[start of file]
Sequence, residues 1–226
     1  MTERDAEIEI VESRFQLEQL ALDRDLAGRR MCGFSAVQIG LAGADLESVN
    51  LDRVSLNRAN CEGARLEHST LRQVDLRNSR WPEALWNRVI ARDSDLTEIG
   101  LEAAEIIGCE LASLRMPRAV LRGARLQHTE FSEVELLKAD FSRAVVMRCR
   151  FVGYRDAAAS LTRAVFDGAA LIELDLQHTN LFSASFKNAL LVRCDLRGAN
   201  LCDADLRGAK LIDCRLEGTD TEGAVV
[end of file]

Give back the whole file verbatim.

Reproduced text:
Sequence, residues 1–226
     1  MTERDAEIEI VESRFQLEQL ALDRDLAGRR MCGFSAVQIG LAGADLESVN
    51  LDRVSLNRAN CEGARLEHST LRQVDLRNSR WPEALWNRVI ARDSDLTEIG
   101  LEAAEIIGCE LASLRMPRAV LRGARLQHTE FSEVELLKAD FSRAVVMRCR
   151  FVGYRDAAAS LTRAVFDGAA LIELDLQHTN LFSASFKNAL LVRCDLRGAN
   201  LCDADLRGAK LIDCRLEGTD TEGAVV